about and planned, everything on Patchworks was just kind of pieced
together. We recorded in several different locations, with several
different microphones, and most of the time just kinda goofing around.
Favorite band achievement or concert memory so far?
My favorite experience so far has got to be our first show in Seattle
W.A. First of all I must explain the context, we were out on our first
tour ever, in a bus that we had to repair every 100 ft or so, in a city we had
never been before with no show on a saturday night. Instead of just taking
the loss, we got on our cell phones and started calling random
Fraternities at University Washington, asking if they were interested in hosting a band
for the night. Most of them said no, save for this one house who seemed
rather excited by the idea. I assumed that they were just being nice, and
for the most part they were going to ignore us and play beer pong while we
did our thing in the corner. Low and Behold we arrived and we heard “Good
Times” being played out of one of the windows. The chairman head Frat guy
came out to greet us tell us were to set up. He told us he was just
checking us out online and dug what he heard, however we would have to go
on soon because the music had to be done by ten. As we set up our gear, he
rallied the house to come out side to the courtyard and watch us play.
Reluctantly they filed out, mostly freshman, some with their girlfriends,
some already drunk. As we began to sound check I could see by the look on
their faces that most of them saw this as an obligation, and didn’t really
want to be out in the cold listening to a band they have never heard
before. Non of us cared. After battling the bus and the many many hours
spent on it, dealing with the crippling feeling of failure for not having
a show, and the rewarding feeling of finally getting one in Seattle we were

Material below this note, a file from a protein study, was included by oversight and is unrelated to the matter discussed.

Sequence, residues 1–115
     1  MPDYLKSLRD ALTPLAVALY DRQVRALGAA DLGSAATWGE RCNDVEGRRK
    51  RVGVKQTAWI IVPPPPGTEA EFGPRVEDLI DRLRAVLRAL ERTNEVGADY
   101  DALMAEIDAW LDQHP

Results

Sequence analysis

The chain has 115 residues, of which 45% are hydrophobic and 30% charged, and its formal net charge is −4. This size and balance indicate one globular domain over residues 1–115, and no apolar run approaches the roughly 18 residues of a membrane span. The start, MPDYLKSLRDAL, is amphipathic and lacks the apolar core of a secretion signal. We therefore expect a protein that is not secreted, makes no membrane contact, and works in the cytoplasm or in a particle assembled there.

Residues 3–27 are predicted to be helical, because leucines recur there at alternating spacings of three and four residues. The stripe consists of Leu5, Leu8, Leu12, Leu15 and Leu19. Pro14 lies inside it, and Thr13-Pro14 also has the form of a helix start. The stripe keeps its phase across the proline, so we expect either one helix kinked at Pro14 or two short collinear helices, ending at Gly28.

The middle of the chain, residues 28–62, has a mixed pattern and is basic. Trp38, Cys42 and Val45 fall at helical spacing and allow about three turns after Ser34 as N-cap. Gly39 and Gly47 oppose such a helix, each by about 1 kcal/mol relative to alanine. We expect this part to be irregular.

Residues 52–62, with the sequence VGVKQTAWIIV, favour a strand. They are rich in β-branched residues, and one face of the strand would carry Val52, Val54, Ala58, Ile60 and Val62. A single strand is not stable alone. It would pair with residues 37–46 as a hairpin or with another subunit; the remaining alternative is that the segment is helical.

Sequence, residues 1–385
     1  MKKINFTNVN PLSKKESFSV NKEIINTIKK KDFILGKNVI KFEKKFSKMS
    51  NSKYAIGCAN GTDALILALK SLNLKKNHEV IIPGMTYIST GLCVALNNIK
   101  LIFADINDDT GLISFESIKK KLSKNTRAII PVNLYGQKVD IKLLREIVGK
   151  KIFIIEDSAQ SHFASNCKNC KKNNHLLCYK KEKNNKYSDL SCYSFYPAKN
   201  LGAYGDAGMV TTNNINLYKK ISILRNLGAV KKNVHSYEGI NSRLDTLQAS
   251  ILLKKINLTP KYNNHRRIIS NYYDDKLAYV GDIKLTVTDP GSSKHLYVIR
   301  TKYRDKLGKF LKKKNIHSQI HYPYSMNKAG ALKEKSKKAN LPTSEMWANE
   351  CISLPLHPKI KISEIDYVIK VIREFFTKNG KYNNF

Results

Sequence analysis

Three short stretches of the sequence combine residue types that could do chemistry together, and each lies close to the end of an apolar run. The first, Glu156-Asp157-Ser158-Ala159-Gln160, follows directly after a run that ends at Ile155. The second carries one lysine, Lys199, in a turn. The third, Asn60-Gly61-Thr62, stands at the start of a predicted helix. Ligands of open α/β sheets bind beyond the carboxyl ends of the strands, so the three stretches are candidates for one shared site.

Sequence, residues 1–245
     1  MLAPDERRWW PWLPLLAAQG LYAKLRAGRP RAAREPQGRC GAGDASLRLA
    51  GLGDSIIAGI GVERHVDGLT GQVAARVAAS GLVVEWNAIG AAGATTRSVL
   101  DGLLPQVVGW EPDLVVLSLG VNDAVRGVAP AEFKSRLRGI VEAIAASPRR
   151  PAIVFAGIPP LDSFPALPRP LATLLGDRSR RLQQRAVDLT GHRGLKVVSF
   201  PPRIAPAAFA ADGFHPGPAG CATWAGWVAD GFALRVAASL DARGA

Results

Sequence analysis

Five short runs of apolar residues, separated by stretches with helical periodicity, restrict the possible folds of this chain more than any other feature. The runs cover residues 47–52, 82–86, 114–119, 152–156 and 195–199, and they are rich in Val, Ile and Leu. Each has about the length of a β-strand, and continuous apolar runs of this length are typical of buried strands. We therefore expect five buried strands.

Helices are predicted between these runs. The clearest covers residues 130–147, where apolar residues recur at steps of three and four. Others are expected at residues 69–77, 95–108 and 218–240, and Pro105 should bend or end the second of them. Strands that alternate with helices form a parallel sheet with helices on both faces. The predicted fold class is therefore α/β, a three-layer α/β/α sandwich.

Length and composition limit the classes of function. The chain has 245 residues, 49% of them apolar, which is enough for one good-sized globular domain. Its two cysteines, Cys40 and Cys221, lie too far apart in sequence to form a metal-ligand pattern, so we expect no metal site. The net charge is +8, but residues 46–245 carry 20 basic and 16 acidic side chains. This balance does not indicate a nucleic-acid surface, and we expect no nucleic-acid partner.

ready to play the best show of our lives. As we started to get into our
first song, the “I thought you guys were going to suck” look began to wash
over the strangers faces. Then came the cell phones. My first thought was
“Great we are loosing them” as I watch a succession of audience members
turning their faces toward their phones. It wasn’t until I noticed the
crowd size double, then triple, that I realized it was just them inviting
their friends over to check out a rocking show. We had earned their trust,
and the show became a riotous occasion, as people started flooding in off
the street. Our manager Thomas got so excited he took the last of our
“merch” and tossed it into the air at the crowd, who went after it like it
was the antidote. Afterwords, and for the first time ever, we got to party
like celebrities who just lived out a childhood fantasy.
Choosing this as my favorite band moment, isn’t to say we
haven’t bigger or more rocking shows, rather what it meant to us at that
time. We had spent a long time convinced that our friends only liked us
because they knew us. Yet here we were in a place we have never been, on a
tour we had put on entirely out of ambition and elbow grease, playing to a
bunch of strangers, and rocking it. It was almost like a validation that
all of our efforts were worth it because this was how skeptical strangers
reacted to our music. It was all worth it.
What are Eliquate’s future plans? Is there anything you want readers to know that isn’t mentioned here?
Our plan now is to finish our second studio album, and be on the road
for most of the winter and spring of 2014/2015, including SXSW 2015. In
the mean time we will be releasing a few more music videos from Patchworks,
and ACWAE, as well as a collection of singles and collaborations with other
artists. To find out more about dates and releases you can visit our
website eliquate.com or on any of our social media outlets /eliquate